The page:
James I. Porter

Professor
The Irving Stone Chair in Literature

Head Graduate Advisor

Rhetoric and Classics
Program in Critical Theory

BA Swarthmore College
MA, PhD (Comparative Literature), UC Berkeley

Image of James Porter

Office

354B Dwinelle

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Research Interests

Greek and Roman literature and philosophy | Modern philosophy (materialism, aesthetics, ethics, subjectivity; Kant, Nietzsche, Foucault, Critical Theory) | Interactions between politics, culture, and critique | History and theory of classicism and postclassicism


I began teaching at the University of Michigan in Classics and Comparative Literature (1986-2007), and then at UC Irvine, Classics and Comparative Literature (2007-2015), where I was Director of Critical Theory from 2014-2015. I have held visiting professorships at Princeton and Bristol University (UK) and have also taught at UCLA. I am co-editor of “Classical Presences,” a book series in Classical Reception published by Oxford University Press (2005-present), and am a member of The Postclassicisms Collective that held workshops from 2011-2016. The final workshop, “Swarms, Collectivities, Intensities, Networks, and Nodes (SCINN),” was held at Berkeley in 2016. We’ve since collaboratively produced a book entitled Postclassicisms (Chicago University Press, 2019). In 2019 I received a John Simon Guggenheim Memorial Foundation Fellowship for 2019-20 and in May 2019 I delivered the J. H. Gray Lectures at Cambridge University on the topic of “Thinking Through Homer.” 

My teaching and research has followed a few different trajectories. One is a study of Nietzsche’s thought, early and late (Nietzsche and the Philology of the Future and The Invention of Dionysus: An Essay on ‘The Birth of Tragedy’ (both Stanford University Press, 2000)). Another is a study of models of aesthetic sensation, perception, and experience in ancient Greece and Rome, which I explored in The Origins of Aesthetic Thought in Ancient Greece: Matter, Sensation, and Experience (Cambridge University Press, 2010). A continuation of this inquiry is The Sublime in Antiquity (Cambridge University Press, 2016), which received the C. J. Goodwin Award of Merit from The Society for Classical Studies (2017). My most recent book is called Homer: The Very Idea  (University of Chicago Press, 2021). Future and ongoing projects include “Thinking Through Homer” (Cambridge University Press); a book-essay on the problem of life from Lucretius to Freud; a book tentatively called “Limits of the Self in Greek and Roman Philosophy”; an edition of Philodemus’ “On Poems” (Bk. 5); and, down the road, “Philology in Exile: Spinoza to Arendt.” I will also be rounding out two trilogies, on ancient aesthetics and on Nietzsche, with two further titles, “Literary Aesthetics After Aristotle” and “The Seductions of Metaphysics: Nietzsche’s Final Philosophy.” All of these topics spill over into my teaching, and many of them have begun their life there, because I find that the classroom is one of the most productive places you can ever be.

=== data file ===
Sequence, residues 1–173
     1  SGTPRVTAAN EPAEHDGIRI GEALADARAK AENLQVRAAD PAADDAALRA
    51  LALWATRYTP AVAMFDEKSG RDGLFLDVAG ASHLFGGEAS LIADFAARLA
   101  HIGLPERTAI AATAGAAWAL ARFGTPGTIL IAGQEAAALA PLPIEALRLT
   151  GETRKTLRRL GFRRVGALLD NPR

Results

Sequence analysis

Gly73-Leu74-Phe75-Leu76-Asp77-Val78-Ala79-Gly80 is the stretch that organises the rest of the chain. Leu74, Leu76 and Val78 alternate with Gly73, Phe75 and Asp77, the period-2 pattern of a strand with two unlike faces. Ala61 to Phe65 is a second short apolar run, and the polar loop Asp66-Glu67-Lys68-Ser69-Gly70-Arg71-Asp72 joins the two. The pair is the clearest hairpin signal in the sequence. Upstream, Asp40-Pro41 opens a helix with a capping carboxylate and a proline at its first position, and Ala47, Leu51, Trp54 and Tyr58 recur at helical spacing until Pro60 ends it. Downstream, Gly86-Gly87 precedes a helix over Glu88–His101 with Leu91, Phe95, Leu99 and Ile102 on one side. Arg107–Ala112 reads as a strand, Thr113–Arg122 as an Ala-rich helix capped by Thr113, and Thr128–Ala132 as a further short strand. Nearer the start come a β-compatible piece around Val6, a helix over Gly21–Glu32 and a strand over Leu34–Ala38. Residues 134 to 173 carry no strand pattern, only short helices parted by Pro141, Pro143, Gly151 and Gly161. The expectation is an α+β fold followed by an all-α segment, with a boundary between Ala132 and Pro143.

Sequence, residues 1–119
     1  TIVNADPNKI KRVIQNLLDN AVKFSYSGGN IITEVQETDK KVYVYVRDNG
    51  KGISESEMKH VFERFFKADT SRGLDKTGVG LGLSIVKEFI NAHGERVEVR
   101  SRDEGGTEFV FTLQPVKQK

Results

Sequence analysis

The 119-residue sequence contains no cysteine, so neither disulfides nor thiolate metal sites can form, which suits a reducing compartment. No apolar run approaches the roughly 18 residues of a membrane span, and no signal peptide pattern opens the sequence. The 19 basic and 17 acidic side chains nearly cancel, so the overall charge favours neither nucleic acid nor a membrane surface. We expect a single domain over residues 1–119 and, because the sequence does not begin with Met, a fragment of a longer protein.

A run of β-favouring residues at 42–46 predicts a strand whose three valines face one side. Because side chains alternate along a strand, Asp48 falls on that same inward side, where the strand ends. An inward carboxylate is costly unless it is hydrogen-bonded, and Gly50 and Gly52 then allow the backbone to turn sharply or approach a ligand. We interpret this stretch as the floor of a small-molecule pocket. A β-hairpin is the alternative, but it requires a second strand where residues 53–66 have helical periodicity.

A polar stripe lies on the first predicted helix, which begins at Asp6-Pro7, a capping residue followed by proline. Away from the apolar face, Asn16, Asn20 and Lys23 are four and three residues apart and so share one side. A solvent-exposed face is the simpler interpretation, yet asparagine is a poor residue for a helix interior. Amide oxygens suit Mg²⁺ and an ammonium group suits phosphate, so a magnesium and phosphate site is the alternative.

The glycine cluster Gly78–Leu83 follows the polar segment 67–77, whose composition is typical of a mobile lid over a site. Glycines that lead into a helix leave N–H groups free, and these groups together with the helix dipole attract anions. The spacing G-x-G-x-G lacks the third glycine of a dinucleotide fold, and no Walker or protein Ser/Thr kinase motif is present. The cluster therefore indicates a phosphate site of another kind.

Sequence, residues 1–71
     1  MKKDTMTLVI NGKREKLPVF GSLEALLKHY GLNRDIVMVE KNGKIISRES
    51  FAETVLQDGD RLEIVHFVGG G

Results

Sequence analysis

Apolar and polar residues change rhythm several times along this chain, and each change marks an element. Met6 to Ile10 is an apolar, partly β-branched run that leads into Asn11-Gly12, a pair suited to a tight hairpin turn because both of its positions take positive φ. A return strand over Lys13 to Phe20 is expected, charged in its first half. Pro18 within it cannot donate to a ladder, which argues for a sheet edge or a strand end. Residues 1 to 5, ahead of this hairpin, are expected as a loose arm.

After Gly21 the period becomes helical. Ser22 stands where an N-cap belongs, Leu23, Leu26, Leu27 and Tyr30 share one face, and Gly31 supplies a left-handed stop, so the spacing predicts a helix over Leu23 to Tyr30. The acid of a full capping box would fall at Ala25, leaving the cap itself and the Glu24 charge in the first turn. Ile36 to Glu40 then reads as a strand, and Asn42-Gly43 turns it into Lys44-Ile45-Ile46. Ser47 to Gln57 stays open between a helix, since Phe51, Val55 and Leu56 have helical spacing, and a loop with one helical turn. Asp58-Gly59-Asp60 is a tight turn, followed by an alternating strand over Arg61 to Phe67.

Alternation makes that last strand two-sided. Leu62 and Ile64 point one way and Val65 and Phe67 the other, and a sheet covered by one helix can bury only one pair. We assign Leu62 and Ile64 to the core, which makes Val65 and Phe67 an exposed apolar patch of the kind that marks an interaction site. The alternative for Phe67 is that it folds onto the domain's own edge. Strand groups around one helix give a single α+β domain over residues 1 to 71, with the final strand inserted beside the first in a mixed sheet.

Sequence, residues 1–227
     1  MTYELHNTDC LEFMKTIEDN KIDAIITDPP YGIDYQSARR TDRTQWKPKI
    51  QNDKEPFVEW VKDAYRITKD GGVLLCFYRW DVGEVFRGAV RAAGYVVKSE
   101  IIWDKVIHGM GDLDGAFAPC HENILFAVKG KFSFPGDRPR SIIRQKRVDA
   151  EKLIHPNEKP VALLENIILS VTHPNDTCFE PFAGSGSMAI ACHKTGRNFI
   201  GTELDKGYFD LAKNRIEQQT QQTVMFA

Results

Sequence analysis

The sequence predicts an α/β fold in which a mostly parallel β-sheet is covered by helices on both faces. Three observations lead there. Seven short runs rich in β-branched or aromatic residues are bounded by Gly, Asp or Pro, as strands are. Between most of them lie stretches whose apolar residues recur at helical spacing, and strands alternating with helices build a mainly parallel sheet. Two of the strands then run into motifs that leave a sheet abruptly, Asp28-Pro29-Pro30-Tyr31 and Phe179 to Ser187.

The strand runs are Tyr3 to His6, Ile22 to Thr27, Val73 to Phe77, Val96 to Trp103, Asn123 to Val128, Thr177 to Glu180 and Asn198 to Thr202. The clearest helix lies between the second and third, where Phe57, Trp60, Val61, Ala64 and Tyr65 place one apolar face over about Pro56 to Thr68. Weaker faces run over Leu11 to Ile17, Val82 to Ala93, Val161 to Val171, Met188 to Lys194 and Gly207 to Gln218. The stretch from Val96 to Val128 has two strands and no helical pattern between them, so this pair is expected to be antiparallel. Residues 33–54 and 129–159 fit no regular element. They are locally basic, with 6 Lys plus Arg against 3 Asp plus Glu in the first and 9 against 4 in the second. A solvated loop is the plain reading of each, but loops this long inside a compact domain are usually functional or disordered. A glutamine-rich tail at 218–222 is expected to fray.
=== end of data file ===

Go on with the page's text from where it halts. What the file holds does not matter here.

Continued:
CV here.

Publications

P.Mich.Inv. 2754: New Readings of Alcidamas, “On Homer,” forthcoming in Classical Philology.

“Epicurus in Nineteenth-Century Germany: Hegel, Marx, and Nietzsche,” in The Oxford Handbook of Epicureanism, ed. P. Mitsis (New York: Oxford University Press, late 2019).

“Hyperobjects, OOO, and the Eruptive Classics—Field Notes of an Accidental Tourist,” in Posthuman Antiquities, ed. E. Bianchi, S. Brill, and B. Holmes (Oxford: Oxford University Press, early 2019), 190-210.

“Nietzsche’s Untimely Antiquity,” in The New Cambridge Companion to Nietzsche, ed. T. Stern (Cambridge: Cambridge University Press, March 2019).

“Epicurus in Nineteenth-Century Germany: Hegel, Marx, and Nietzsche,” in The Oxford Handbook of Epicureanism, ed. P. Mitsis (New York: Oxford University Press, late 2019)

“‘On Epic Naïveté: Adorno’s Allegory of Philology,” in S. Gurd and Vincent van Gerven Oei, eds. Pataphilology: An Irreader(Brooklyn: Punctum, 2018), 95-117.

“Materialism,” Oxford Classical Dictionary (2018)

“Old Testament Realism in the Writings of Erich Auerbach,” in Jews and the Ends of Theory, ed. S. Ginsburg and J. Boyarin (New York: Fordham University Press, 2018), 187-224.

“Forum on Bonnie Honig’s Antigone, Interrupted,” ed. M. Leonard and J. Porter, International Journal of the Classical Tradition (Fall 2014)

Before Subjectivity? Lacan and the Classics, ed. James I. Porter and Mark Buchan, special issue of Helios (2004)

Awards

Council of Graduate Schools / UMI Distinguished Dissertation Award for Best Dissertation in the Humanities from 1986-88 | NEH Fellowship for University Teachers 1988, 2005 | NEH Texts and Translation Grant 1992 | Stanford Humanities Center Fellowship 1995-96 | Alexander von Humboldt-Stiftung Fellowship 1998 | Benjamin Meaker Visiting Professorship, Institute for Advanced Studies and the Department of Classics & Ancient History, University of Bristol, UK 2003 | Old Dominion Fellow in the Council of the Humanities, Princeton University 2004 | Getty Research Institute 2006 | Director, NEH Summer Seminar 2008 | C. J. Goodwin Award of Merit from The Society for Classical Studies for The Sublime in Antiquity (Cambridge, 2016) 2017